The Free lance. (State College, Pa.) 1887-1904, June 01, 1892, Image 14

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    220 Yards Dash—Won by C. K. Cartwright
’95; second, C. E. Aull, ’92; third, F. F. Pond,
’92. Time, seconds.
One Mile Run.—Won by F. Rutherford, ’95;
second, W. Dunsniore,’9s; third, E. W. Bush,
’92. Time, 6.15.
Two Mile Bicycle.—Won by Heppenstall '95;
second, L. R. Cummings, ’95 ; third, W. McKee,
’92. Time, 6 min 15 sec.
Half Mile Run —Won by John White, ’94 ;
second, C. E. Scott, ’95 ; third, W. Dunsmore,
’95. Time, 2.14^.
Throwing 16 pound Hammer —Won by C. K.
Cartwright, ’95 ; second, C. H. Hile, ’92 ; third,
C. Hildebrand, ’92. Distance, 71 ft 4 in.
Putting Sixteen Pound Shot —Won by Cart
wright, ’95 ; second, Hildebrand, ’92 ; third, C.
H. Hile, ’92. Distance, 34 ft in.
One Mile Walk—Won by S. H.' Brown, ’92 ;
second, H. E. Dunkle, ’93; third, H. P. Dowler,
Time 8.56^.
i3o Yards Hurdle—Won by C. E. Aull, ’92;
second, C. K. Cartwright, ’95; third, W. McKee
'92. Time 18 4-5.
Running High Jump—Won by C. M. Ather
ton, ’92 ; second C. E. Aull, '93; third. G. L.
Price,’9s. Height s ft 3)4 in.
Running Broad Jump—Won by C. E. Aull, '92 ;
second, G. L. Price ’95 ; third, C. M. Atherton,
’92. Distance 17 ft in.
440 Yards Dash—Won by C. E. Aull, ’92;
second, H. C. Peffer, ’93 ; third, J. W. Steven
son, ’92. Time 5 seconds.
Pole Vault—Won by James Stevenson, ’92;
second, C. H. Atherton,’92 ; third, S. H. Brown,
’92. Height Bft 9 % in.
The officers of the day were : Referee, Dr. H.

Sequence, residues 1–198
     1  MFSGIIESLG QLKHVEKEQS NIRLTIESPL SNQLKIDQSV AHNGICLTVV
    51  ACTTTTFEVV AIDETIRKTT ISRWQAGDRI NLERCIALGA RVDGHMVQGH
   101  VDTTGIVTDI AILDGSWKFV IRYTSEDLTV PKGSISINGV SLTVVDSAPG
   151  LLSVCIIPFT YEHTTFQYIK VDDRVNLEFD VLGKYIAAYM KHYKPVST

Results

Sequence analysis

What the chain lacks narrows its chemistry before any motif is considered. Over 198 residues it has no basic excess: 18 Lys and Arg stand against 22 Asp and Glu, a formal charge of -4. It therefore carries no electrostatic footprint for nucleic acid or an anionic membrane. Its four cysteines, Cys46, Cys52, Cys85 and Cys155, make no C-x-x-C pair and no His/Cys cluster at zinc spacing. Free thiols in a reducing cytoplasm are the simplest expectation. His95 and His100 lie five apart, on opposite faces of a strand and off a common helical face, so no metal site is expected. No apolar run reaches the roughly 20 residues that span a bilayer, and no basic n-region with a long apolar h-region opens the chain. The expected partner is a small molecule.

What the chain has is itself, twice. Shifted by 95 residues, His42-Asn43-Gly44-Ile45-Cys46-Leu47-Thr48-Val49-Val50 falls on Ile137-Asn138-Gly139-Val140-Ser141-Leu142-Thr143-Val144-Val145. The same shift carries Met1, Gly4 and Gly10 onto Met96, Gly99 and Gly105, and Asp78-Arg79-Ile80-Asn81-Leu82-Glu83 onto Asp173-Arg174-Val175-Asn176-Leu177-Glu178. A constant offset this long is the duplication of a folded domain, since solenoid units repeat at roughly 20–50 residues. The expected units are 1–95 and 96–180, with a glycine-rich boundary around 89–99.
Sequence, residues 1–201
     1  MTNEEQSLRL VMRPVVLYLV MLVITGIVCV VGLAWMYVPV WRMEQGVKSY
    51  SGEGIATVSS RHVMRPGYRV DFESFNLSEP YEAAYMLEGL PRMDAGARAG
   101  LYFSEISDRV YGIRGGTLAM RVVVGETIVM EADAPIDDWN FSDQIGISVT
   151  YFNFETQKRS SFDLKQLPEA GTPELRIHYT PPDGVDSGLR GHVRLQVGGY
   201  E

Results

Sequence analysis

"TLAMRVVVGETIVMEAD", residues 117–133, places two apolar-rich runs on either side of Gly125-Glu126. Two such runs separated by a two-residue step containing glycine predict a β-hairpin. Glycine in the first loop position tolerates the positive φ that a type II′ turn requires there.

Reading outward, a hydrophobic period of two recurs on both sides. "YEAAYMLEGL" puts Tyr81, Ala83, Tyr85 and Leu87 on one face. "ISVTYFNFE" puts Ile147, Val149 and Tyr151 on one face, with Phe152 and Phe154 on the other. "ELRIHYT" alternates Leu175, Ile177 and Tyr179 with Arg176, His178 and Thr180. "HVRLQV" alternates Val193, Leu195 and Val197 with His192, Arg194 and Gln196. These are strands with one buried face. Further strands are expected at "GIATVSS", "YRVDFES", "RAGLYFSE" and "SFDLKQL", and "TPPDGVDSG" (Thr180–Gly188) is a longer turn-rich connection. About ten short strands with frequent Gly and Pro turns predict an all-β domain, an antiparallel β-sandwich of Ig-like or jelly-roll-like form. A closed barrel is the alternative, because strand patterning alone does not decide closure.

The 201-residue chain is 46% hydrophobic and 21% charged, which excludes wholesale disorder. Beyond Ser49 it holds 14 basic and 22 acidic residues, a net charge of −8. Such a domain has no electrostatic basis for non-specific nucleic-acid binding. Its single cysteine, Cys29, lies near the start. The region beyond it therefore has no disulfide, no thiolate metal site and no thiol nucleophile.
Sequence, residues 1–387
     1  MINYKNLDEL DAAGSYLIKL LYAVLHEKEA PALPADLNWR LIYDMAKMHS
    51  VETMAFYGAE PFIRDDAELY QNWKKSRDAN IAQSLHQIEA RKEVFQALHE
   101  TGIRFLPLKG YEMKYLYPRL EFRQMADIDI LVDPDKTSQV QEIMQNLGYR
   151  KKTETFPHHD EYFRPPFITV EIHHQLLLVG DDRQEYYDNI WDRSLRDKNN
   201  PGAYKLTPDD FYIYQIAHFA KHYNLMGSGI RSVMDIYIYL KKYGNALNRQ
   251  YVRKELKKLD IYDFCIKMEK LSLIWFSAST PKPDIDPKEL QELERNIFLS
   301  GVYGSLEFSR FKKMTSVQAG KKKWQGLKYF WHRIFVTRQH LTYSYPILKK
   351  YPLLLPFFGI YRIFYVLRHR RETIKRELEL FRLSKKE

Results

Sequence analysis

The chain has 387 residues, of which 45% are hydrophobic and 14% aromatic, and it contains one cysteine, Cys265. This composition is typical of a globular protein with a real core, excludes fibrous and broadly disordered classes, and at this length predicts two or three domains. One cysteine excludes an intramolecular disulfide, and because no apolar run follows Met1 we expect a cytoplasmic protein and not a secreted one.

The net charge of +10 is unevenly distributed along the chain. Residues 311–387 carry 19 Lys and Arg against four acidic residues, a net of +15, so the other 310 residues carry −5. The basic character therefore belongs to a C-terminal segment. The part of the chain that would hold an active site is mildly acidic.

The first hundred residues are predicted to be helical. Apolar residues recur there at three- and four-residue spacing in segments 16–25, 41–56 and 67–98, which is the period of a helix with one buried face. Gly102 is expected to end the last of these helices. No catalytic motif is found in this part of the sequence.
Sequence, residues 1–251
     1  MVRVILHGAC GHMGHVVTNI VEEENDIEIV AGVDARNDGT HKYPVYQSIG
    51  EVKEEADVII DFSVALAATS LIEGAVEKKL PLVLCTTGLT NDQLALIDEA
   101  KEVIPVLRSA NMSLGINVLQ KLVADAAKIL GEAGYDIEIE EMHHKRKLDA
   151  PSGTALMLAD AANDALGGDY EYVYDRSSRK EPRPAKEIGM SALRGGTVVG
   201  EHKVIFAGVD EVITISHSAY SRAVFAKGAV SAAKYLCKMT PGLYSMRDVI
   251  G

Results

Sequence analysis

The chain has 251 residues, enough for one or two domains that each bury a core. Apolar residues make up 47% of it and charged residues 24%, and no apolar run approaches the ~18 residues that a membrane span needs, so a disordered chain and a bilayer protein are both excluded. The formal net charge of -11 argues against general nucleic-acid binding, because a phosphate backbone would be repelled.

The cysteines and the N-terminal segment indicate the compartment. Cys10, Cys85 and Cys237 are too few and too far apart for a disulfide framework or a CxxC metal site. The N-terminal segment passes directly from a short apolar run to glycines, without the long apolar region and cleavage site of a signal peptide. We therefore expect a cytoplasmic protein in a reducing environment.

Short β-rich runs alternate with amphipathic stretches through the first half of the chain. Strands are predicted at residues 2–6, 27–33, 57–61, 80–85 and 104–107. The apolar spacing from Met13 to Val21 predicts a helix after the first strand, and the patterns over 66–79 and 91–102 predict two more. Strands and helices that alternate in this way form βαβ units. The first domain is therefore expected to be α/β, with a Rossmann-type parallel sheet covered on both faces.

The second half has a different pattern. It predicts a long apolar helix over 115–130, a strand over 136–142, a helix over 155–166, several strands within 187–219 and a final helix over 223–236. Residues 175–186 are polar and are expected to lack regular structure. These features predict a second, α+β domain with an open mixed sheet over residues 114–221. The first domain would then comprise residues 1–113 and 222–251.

T. Fernald; Starter, E. J. Haley ; Clerk of the
Course, Dr. W. Fear; Assistant, M. J.. Thomp
son; Chief Marshall, J. F. Shields; Ass’ts H. H.
Herr, J. M. Small, J. M. Brown, G. K. Spence,
C. W. Burkett, Time Keepers, James Hughes,
G. M. Downing, G. W. Hoskins. Track Judges,
Dr. G. G. Pond, Professor E. E. Sparks, Profes-
sor H. J. Waters. Judge of walking, G. W. Hos
kins. Announcer Mr. Dunham Barton, Meas
urers, J. P. Jackson, P. Foster, A. C. Read.
Gold medals were won by Cartwright *93 for
breaking 120 yards hurdle (college rec.) and for
220 yards dash ; Connelly ’96 for running high
jump ; Heppenstall ’93, for 2 mile bicycle race,
and Stevenson ’92, for pole vault.
Rev. S. D. McConnell, D. D., of Philadelphia,
delivered the baccalaureate sermon before the Sen
ior class Sunday morning. The chapel was crowd -
ed with friends of the college and graduates.
When the Seniors appeared in caps and gowns,
the lower classes rose and remained standing
until ’92 was seated.
The text was part of the nineteenth verse of the
Twentieth chapter of St. Luke; “And the chief
of Priests and the Scribes the same hour sought to
lay hands on him but they feared the people.”
He said that the priest corresponded to those
who had massed great wealth while the scribes
were those of great learning. The theme of his
discourse was the perils which education creates
in one’s religion,—perils which are real. Thence
he proceeded to show how these perils come to
exist, how each item of knowledge gained requires
a recrystallNation of all knowledge previously ac
quired, and finally gave reasons for believing that
the religion of the world remains unharmed. He
advised those who met the doubts and dangers
which learning brings not to resort to the reading
of the debates of the so called champions of re
ligion and reconcilers of science and religion, but
to find refuge in Christianity itself. Throughout
his remarks he dwelt upon the great and rapid
progress in the diffusion of knowledge as the
characteristic of this century. “In this, the nine
teenth century,” said he, “there are but two
classes, all men are believers either in Christianity
or atheism.” Throughout the sermon was forci
ble, suitable, and full of thought.
The Junior Oratorical contest took place Mon
day evening, June 13th. The chapel was crowded